The Paris Agreement & the Agreement We Must Make to Protect Life on Earth


The Paris Agreement represents an unprecedented collaboration among nations who choose to work together to address climate change in their own countries and globally. Dr. Jane Goodall participated in the 21st Conference of the Parties to the Treaty on Climate Change in Paris and, at that time, she called on each of us to take action ourselves to protect our natural world. Amidst all of the evidence and already occurring changes, threatening all living things in the oceans and on land (including humans), the Trump Administration is set on withdrawing from the Paris Agreement. In response to this, we must use Jane’s message of action as a beacon to call upon ourselves and others to make decisions to help in curtailing climate change – an agreement we all make with the planet and all the other creatures we share this world with to protect life.

Climate Change is Real

The climate is changing, and not in a subtle or “cyclical” way. According to an Intergovernmental Panel on Climate, predictions for accelerated climate change indicate that average global temperatures could increase between 1.4 and 5.8 degrees Celsius by the year 2100 (IPCC). Though that may seem “small,” the reality of this is several fold – causing alterations to global and smaller ecosystems varying between drought and flooding, increased frequency and intensity of storms, desertification, species migrations and extinctions, and reduced agricultural yield, just to name a few. Additionally, environmental refugees, scarcity, famine and conflict are sure to increase as these conditions do, and the economic losses due to climate change are massive, costing the global economy $700 billion annually by 2030 (Business Insider). The “greenhouse effect” is the main culprit, as the burning of fossil fuels like oil and coal increases the concentration of carbon dioxide in the atmosphere, trapping heat (NASA). We must reduce emissions and protect natural areas which sequester (trap) carbon, in order to prevent further and catastrophic warming.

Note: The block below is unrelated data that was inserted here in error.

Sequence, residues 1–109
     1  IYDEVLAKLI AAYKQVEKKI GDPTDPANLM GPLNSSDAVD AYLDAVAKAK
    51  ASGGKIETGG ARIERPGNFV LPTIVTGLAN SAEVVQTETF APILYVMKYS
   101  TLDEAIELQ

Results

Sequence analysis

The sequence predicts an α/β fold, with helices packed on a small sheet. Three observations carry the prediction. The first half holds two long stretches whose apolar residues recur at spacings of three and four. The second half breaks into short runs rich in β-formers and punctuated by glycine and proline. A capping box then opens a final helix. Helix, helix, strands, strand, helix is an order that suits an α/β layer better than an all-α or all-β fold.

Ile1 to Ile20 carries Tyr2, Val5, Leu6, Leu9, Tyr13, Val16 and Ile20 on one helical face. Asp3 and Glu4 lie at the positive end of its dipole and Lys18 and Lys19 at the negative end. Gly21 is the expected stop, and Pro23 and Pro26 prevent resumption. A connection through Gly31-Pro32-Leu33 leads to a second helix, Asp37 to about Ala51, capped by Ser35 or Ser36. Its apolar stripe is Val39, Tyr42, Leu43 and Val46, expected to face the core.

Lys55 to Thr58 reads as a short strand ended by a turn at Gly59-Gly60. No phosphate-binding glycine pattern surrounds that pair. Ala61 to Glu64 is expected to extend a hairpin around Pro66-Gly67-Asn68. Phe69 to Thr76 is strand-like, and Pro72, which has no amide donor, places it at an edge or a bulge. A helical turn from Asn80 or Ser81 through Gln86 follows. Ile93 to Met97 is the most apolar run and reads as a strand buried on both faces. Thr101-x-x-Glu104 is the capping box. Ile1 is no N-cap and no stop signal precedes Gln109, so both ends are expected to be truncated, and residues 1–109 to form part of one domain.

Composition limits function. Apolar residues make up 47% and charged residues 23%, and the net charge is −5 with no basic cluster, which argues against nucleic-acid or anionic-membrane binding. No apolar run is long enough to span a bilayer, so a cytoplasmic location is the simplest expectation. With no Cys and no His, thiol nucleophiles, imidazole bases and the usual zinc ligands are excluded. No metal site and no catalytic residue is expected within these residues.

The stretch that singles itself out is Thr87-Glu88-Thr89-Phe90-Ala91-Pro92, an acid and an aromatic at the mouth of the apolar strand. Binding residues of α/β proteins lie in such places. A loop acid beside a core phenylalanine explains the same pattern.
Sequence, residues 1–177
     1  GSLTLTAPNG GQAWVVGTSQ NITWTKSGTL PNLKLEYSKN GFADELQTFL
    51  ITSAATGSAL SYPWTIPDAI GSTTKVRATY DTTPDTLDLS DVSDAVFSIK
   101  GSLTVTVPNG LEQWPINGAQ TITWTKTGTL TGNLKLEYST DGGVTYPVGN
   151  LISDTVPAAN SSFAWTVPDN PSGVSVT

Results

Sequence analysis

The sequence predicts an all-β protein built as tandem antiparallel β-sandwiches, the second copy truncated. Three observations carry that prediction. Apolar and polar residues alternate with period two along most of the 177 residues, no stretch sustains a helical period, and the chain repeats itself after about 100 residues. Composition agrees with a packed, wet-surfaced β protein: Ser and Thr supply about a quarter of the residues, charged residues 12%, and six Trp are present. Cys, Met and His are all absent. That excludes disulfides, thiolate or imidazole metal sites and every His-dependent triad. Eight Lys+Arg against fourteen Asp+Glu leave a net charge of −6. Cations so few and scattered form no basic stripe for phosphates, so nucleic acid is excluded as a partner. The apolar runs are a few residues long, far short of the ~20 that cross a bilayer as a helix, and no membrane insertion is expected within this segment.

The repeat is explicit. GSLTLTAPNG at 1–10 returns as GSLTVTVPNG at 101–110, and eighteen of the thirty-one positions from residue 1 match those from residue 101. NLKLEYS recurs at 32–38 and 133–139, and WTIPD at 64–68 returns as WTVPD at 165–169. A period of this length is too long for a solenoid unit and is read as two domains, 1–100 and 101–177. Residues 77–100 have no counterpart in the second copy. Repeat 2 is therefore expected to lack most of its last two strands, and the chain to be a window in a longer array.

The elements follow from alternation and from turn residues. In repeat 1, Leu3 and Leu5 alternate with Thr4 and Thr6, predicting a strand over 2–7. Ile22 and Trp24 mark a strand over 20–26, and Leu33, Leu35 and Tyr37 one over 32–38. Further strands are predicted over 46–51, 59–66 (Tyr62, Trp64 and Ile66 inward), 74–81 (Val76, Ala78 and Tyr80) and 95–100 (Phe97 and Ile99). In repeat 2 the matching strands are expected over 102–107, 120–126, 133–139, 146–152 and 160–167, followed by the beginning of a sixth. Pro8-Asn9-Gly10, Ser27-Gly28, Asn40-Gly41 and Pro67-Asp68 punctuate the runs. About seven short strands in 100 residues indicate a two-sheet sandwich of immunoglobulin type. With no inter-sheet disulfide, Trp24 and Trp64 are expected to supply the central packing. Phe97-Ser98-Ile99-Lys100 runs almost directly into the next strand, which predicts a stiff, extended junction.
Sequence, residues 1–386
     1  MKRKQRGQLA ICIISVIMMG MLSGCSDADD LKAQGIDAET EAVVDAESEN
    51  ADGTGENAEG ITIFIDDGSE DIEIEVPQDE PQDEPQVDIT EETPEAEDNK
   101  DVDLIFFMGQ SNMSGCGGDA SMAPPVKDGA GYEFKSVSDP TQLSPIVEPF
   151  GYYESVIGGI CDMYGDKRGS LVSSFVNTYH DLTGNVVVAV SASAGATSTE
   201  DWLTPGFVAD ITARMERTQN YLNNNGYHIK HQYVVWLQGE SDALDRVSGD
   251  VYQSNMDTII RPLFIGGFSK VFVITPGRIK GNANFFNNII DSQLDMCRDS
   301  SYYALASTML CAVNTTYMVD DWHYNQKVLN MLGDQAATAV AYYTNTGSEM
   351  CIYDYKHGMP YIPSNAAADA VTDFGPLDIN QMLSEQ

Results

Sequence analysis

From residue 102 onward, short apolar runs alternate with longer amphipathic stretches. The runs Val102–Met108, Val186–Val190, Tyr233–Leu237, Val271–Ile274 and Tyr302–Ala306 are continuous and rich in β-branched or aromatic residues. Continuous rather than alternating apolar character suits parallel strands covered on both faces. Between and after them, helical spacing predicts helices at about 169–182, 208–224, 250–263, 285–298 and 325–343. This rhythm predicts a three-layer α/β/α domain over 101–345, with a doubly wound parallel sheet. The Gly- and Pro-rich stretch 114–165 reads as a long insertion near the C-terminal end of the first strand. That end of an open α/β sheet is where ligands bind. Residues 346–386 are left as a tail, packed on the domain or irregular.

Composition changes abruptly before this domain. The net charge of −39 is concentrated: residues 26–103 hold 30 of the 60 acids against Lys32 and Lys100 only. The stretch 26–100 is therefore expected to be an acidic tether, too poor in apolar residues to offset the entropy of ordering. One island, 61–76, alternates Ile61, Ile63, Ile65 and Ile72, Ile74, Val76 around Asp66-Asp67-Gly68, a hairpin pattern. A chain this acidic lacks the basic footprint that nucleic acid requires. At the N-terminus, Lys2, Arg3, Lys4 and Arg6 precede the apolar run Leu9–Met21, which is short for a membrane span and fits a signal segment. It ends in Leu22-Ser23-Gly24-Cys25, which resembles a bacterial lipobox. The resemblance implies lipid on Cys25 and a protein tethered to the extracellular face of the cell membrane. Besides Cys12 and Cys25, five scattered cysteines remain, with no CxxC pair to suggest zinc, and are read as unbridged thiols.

The Paris Agreement

The Paris Agreement, established in 2015, enlisted all of the nations in the world, (with the exception of Syria and Nicaragua – who felt it was not “tough enough”) to pledge to reduce greenhouse gas emissions in an attempt to slow the consequences of increasing global temperature. Within the initial agreement, the United States committed to reducing carbon emissions by 26-28% within 10 years (White House Archives). A withdrawal from these commitments would not only endanger billions of lives, but will also portray the United States as detrimental to the progress and safety of international communities, environments and species.

“It would also devastate our international credibility. We are one of the two largest carbon emitters, with China. We are the ones who put this deal together. It is the first step to try to do something about climate change. For President Trump to take us out, it is anti-science.” – Nick Burns, former Under Secretary under the George W. Bush administration (CNN)

What Now?

Following massive movements like the March for Science and the People’s Climate March to underscore the necessity and integrity of science and science backed policy, we are even more aware how crucial it is to become informed about this enormous issue and to make it a priority in our planning, decisions, and policy as an international community. The Jane Goodall Institute has committed to protect forests and thereby ensure that stored CO2 is kept out of the atmosphere and that the trees can continue to absorb more. By protecting these habitats and biodiversity we can make sure these ecosystems remain healthy and ensure the long term survival of these forests.